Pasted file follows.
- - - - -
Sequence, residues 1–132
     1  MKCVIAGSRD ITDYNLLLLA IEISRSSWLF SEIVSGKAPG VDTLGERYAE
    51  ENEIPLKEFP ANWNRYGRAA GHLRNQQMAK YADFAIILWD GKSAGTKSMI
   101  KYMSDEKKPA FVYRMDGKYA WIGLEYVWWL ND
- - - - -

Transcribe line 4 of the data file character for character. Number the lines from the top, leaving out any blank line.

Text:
   101  KYMSDEKKPA FVYRMDGKYA WIGLEYVWWL ND